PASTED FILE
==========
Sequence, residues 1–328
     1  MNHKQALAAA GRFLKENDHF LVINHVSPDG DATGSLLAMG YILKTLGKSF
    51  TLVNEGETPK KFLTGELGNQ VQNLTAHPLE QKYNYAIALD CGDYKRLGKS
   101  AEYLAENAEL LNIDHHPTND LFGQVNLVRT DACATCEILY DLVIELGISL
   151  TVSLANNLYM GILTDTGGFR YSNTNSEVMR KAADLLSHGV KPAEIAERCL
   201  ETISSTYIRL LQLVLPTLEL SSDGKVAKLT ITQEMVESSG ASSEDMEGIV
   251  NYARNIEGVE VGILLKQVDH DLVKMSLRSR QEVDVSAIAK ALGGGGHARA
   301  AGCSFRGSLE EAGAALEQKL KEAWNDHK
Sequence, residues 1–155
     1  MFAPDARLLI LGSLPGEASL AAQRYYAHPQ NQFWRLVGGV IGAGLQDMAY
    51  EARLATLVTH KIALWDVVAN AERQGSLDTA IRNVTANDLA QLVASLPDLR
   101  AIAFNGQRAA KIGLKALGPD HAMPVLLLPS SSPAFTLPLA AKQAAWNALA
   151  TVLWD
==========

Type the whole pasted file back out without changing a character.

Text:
Sequence, residues 1–328
     1  MNHKQALAAA GRFLKENDHF LVINHVSPDG DATGSLLAMG YILKTLGKSF
    51  TLVNEGETPK KFLTGELGNQ VQNLTAHPLE QKYNYAIALD CGDYKRLGKS
   101  AEYLAENAEL LNIDHHPTND LFGQVNLVRT DACATCEILY DLVIELGISL
   151  TVSLANNLYM GILTDTGGFR YSNTNSEVMR KAADLLSHGV KPAEIAERCL
   201  ETISSTYIRL LQLVLPTLEL SSDGKVAKLT ITQEMVESSG ASSEDMEGIV
   251  NYARNIEGVE VGILLKQVDH DLVKMSLRSR QEVDVSAIAK ALGGGGHARA
   301  AGCSFRGSLE EAGAALEQKL KEAWNDHK
Sequence, residues 1–155
     1  MFAPDARLLI LGSLPGEASL AAQRYYAHPQ NQFWRLVGGV IGAGLQDMAY
    51  EARLATLVTH KIALWDVVAN AERQGSLDTA IRNVTANDLA QLVASLPDLR
   101  AIAFNGQRAA KIGLKALGPD HAMPVLLLPS SSPAFTLPLA AKQAAWNALA
   151  TVLWD